The other advantage of our method is a lack of influence of impurities presented in solvent used in extraction methods. These results have not been analyzed in known published literature. For example Siddique et al. [29], found in cultures of Trichoderma spp. metabolites (obtained via extraction by different organic solvents like metanol, ethyl acetate and n-hexan) compounds like toluene, heptane, octane, ethylbenzene, indane as original metabolites. Other researchers, Sunesson et al. [31] also found in extracts from cultures of Aspergillus versicolor and other filamentous fungi compounds like heptane, xylen, octane, acetone. Also Larsen and Frisvad [21] found artifacts as a metabolites of Trichoderma spp., like 2,6-bis(1,1-dimethylethyl)-4-methylphenol (BHT), octane and hexen after distillation on Lickens-Nickerson apparatus. The absence of such contaminants in our tests could be related to the lack of organic solvent extraction steps, and then compacting of the sample.

This method of extraction may be used as a fast and easy evaluation of the efficacy of different microbes and substrates for the production of volatile metabolites, particularly in cases when microorganisms comprising multicomponent mixtures of metabolites or raw material are used for the production. Opposite to classical methods of isolation, the described procedure allows for an easy way to separate non-volatile metabolites from volatiles. It is particularly important for GC or GC-MS analysis, where presence of non-volatile compounds like lipids in extracts could cause damage of column.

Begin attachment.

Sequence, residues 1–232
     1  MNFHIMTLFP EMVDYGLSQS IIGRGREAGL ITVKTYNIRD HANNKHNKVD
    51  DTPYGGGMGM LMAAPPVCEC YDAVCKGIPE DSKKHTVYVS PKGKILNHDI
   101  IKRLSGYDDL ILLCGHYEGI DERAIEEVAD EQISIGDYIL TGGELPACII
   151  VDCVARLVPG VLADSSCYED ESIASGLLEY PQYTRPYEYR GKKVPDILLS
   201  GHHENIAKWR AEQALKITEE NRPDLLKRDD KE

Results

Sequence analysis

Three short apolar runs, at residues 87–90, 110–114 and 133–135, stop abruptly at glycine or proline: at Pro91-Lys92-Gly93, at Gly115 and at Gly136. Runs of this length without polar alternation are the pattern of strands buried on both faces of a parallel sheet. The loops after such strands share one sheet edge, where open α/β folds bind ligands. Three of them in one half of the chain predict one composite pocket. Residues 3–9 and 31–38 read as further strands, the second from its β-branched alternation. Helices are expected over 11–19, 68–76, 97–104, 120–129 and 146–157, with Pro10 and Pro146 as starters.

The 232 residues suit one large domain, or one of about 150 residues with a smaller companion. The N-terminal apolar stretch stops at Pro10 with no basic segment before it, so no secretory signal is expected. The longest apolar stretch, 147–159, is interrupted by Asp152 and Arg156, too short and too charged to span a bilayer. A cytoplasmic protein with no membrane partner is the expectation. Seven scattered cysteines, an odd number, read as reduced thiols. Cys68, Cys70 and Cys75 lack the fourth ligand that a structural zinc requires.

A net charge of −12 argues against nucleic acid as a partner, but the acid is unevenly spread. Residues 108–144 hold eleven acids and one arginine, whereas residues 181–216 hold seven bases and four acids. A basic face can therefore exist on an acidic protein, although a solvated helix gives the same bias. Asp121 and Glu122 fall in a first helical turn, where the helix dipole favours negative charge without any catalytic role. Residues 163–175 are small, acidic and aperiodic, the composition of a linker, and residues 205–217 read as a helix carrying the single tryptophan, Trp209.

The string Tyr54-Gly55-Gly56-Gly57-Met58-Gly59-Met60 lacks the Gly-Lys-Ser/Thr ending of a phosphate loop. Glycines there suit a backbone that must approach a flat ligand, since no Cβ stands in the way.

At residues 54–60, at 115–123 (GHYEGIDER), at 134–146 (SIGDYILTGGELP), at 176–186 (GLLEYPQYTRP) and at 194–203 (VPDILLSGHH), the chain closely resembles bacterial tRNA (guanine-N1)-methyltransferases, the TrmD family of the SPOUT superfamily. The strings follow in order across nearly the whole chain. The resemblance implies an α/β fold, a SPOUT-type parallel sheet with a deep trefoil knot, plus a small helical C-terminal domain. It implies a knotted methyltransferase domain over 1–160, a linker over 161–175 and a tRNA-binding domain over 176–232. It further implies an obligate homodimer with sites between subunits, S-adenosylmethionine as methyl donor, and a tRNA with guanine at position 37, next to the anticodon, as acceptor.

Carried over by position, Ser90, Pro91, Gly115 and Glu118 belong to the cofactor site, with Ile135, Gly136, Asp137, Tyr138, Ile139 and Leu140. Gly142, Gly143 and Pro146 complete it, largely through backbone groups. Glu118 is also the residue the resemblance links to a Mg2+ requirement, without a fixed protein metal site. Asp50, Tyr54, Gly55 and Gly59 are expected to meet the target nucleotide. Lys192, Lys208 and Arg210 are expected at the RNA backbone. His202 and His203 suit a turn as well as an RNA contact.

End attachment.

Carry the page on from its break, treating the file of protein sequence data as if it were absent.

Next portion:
CONCLUSIONS

  1. A new approach for the isolation of volatile compounds from  fungi cultures has been developed. This procedure did not require solvents and high-cost equipment, such as evaporators.
  2. This is a easy method of evaluation of fungi for the production of volatile metabolites. The strains which produce a large quantity of volatile metabolites are potential candidates for use in biological plant protection within the cosmetic and food industry or for the production of fragrances.
  3. Applying the developed procedure 6-pentyl-alpha-pyrone in the range from 2.1 to 109.6 μg in 1 mL or 1 g from tested fungal cultures was isolated.

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Accepted for print: 20.09.2014


Elżbieta Gębarowska
Agricultural Microbiology Lab, Department of Plant Protection, Wrocław University of Environmental and Life Sciences, Poland
Grunwaldzka 53
53-636 Wrocław
Poland
email: elzbieta.gebarowska@up.wroc.pl

Antoni Szumny
Department of Chemistry, Wrocław University of Environmental and Life Sciences, Poland
Norwida 25
50-375 Wrocław
Poland
email: antoni.szumny@up.wroc.pl

Stanisław J. Pietr
Agricultural Microbiology Lab, Department of Plant Protection, Wrocław University of Environmental and Life Sciences, Poland
phone/fax: +48 71 320 6521
Grunwaldzka 53
50-375 Wrocław
Poland
email: stanislaw.pietr@up.wroc.pl